It almost sounds like the pandemic would be saving me a fortune.  But that’s not true at all.  Everything gained on groceries and gas seems to be spent on my own sanity (retail therapy—the struggle is real!).  Clothes and gadgets that I used to buy at Goodwill are now coming from online retail sites….at a higher cost.  Restaurant food (which is typically a Friday night treat for us) now comes with a delivery charge.  Additionally, I seem to have developed a fabric purchasing habit in an effort to make masks so cute that I can’t wait to wear them.  And writing this makes me realize that I really should focus some effort on reducing my food delivery and Amazon expenses…

Times are weird.  And things have changed, including how I spend my money.  How have your spending habits evolved with the pandemic?

I Spend HOW Much on Food?!?!?

It’s been a while since I told you all about my New Year’s resolution to slowly create and live within a budget.  I’m thinking it’s time for an update on my process.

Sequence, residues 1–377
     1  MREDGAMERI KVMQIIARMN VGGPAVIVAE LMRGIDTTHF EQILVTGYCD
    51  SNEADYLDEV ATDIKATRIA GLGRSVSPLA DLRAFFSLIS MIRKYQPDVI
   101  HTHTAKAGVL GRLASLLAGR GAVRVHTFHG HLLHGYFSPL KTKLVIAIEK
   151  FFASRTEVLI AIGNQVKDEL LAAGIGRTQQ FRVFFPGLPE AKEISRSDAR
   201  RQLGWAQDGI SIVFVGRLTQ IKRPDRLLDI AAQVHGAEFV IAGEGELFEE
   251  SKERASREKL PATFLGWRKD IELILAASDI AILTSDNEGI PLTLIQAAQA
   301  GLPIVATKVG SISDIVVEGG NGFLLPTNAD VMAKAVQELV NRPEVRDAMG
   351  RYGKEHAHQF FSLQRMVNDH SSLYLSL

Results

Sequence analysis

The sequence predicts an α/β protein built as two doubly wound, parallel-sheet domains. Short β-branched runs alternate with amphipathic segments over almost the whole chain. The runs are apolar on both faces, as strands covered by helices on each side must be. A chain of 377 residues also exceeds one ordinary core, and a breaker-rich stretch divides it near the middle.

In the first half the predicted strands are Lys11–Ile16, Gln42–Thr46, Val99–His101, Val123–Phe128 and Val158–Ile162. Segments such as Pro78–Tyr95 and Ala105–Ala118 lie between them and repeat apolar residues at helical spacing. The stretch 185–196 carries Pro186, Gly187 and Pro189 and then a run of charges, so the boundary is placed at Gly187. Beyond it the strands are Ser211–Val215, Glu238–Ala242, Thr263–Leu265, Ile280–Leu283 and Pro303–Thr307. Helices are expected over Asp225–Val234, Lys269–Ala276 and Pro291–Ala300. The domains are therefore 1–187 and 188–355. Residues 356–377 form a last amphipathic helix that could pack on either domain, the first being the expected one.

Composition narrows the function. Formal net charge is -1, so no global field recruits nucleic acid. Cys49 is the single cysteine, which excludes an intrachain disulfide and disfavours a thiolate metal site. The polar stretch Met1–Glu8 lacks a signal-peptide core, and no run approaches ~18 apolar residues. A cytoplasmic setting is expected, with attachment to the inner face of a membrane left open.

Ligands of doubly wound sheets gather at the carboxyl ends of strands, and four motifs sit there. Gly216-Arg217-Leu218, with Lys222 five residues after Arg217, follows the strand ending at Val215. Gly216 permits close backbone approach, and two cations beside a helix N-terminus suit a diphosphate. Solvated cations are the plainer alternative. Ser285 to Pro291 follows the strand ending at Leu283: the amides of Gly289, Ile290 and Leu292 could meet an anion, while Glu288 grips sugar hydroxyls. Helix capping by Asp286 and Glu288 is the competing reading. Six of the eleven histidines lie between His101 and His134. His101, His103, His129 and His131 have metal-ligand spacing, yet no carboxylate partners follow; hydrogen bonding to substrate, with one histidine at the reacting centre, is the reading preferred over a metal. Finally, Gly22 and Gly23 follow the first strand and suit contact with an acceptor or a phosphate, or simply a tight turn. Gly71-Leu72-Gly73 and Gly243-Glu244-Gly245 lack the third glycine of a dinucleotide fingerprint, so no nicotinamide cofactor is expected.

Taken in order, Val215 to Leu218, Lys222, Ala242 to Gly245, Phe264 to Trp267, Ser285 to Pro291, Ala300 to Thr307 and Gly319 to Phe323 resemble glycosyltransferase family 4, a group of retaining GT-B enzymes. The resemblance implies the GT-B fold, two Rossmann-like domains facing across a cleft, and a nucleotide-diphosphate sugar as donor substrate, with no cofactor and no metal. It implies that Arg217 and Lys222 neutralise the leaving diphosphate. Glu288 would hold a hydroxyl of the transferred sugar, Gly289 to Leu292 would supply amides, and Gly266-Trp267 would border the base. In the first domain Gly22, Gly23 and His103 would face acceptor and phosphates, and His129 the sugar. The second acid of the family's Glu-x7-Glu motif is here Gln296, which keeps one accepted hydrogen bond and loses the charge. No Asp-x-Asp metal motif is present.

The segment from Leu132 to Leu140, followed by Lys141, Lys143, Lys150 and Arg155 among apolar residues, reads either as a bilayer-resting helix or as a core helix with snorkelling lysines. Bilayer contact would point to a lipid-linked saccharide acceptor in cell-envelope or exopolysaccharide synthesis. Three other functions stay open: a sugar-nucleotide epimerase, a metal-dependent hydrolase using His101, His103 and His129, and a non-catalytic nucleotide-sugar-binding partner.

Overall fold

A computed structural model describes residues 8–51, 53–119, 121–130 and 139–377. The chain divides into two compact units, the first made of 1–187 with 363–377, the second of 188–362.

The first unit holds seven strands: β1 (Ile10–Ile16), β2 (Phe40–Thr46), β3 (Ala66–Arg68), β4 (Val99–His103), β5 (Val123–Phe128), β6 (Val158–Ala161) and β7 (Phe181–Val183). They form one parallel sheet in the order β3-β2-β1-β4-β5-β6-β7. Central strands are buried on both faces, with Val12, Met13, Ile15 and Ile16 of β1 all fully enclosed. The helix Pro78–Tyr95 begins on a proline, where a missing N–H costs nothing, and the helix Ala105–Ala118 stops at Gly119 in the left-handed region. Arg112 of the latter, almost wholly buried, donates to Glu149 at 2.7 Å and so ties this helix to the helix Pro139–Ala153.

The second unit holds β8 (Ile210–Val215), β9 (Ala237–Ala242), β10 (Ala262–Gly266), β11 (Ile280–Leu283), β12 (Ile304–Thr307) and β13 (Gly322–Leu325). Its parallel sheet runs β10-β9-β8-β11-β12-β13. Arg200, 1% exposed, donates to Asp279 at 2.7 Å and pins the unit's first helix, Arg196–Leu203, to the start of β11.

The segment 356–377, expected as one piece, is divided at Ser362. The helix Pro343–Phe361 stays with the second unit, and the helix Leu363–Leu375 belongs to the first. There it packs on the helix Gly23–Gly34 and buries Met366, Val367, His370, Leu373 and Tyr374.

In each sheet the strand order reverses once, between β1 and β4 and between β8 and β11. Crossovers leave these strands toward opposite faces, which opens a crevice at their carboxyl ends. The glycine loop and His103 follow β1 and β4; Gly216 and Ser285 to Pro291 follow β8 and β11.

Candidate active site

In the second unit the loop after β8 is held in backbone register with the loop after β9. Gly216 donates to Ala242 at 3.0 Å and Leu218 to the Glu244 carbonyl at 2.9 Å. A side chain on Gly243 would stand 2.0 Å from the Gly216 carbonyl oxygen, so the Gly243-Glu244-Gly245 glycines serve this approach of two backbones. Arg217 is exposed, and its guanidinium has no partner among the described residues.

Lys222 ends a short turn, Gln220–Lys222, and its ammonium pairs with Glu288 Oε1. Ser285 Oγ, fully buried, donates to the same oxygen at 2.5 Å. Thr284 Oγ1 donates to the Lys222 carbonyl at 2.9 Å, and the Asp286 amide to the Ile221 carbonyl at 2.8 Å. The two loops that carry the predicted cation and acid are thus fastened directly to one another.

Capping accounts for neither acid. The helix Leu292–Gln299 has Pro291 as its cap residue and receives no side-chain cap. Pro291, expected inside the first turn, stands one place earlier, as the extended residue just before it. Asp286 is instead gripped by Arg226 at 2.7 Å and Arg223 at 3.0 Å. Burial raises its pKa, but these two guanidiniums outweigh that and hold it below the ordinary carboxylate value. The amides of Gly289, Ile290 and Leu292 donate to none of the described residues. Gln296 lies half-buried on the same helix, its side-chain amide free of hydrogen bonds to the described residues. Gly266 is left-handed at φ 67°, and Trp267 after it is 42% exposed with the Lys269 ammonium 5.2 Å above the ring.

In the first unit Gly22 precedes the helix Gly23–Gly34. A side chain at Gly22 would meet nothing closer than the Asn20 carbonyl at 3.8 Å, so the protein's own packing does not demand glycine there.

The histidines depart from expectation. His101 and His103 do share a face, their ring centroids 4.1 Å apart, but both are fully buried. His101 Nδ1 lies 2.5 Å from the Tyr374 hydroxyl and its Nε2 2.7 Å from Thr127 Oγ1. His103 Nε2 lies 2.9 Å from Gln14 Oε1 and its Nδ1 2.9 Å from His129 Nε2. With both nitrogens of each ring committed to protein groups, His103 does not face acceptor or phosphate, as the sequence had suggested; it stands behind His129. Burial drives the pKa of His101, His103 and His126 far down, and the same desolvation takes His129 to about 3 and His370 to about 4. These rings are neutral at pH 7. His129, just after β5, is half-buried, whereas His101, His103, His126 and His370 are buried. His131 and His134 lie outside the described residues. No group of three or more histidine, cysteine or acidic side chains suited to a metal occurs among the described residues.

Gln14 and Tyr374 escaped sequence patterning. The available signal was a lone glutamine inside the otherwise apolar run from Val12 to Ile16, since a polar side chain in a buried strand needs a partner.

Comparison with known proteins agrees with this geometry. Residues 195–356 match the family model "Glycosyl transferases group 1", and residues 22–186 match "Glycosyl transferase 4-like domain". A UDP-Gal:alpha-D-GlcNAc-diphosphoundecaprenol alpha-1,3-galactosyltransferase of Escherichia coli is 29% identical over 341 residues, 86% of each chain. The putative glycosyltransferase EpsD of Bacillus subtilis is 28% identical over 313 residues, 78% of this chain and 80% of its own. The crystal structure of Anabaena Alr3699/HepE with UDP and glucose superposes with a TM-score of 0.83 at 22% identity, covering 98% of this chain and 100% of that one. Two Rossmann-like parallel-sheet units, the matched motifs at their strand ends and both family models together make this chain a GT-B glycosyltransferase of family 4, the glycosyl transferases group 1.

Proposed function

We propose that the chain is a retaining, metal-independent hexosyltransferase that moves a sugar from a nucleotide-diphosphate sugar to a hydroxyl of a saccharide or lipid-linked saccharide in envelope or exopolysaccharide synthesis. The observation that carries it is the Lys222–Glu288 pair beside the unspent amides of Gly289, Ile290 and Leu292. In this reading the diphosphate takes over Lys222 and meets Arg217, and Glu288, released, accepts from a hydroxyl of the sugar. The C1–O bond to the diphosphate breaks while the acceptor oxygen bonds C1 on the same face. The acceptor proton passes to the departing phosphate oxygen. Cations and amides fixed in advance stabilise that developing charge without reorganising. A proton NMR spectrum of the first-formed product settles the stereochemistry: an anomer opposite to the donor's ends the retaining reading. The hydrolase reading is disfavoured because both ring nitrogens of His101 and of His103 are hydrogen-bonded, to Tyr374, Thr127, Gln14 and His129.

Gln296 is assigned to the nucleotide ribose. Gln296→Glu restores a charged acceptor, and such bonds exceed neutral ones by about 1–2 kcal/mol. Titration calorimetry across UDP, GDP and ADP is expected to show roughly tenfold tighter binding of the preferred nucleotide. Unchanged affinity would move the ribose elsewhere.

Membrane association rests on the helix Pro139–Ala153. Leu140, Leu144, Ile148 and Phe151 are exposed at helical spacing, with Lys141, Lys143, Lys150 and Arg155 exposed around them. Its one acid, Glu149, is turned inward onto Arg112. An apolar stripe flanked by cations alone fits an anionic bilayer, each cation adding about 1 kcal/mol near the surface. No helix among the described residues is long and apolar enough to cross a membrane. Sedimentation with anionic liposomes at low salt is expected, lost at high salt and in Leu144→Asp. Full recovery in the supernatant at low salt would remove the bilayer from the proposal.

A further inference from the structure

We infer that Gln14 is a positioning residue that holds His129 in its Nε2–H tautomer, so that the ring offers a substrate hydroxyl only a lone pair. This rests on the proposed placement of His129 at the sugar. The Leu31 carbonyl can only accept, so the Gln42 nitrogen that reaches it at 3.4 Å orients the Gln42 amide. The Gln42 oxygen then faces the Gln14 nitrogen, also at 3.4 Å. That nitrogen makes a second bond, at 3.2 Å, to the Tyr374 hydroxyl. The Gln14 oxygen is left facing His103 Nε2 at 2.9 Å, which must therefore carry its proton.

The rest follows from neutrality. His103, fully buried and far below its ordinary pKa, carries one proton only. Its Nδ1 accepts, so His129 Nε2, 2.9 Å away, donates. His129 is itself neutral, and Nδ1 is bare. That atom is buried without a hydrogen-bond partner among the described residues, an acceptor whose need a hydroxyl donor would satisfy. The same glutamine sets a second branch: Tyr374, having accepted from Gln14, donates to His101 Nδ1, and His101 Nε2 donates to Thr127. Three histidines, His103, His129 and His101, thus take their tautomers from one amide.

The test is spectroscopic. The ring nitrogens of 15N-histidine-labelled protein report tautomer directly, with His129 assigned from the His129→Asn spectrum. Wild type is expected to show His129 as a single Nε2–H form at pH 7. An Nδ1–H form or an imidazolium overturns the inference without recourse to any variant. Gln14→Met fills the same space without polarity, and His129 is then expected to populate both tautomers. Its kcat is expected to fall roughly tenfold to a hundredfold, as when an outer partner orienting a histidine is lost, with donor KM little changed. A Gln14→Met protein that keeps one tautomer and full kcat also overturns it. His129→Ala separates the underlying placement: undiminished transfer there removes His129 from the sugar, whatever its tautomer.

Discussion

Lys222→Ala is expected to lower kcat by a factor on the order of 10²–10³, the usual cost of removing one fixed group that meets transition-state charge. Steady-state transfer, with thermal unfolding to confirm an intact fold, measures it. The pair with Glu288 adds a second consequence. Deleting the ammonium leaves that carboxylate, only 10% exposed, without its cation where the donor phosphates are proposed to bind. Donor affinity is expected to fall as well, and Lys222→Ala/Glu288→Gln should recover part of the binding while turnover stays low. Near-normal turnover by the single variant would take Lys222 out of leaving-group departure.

After trying to track my expenses without third-party help, I quickly came to the realization that I am never going to succeed without some help.  Writing down and tracking my own expenses is not so bad, but staying on top of what my husband spends as well just adds a layer of complexity that I’m not up to.   There are seemingly endless budgeting tools available online, and I feel like I’ve tried most of them at one point or another.  But when it comes right down to it, what I really wanted is a good old-fashioned spreadsheet.  I’m pretty good with spreadsheets (because they are very handy for my job), so if I could just get my account data transported into a spreadsheet I know I’m capable of manipulating it in ways that are useful to me.  Thankfully I found Tiller.  This tool connects my accounts to a customizable Google Sheet, so I can sort my transactions by date and category.  I’m on a one-month free trial right now, but I’m already thinking this will be worth the $59 a year it will cost me to continue.  I was able to get it all set up in about an hour, and quickly saw that the biggest consumption of my money (beyond housing and medical bills) is food.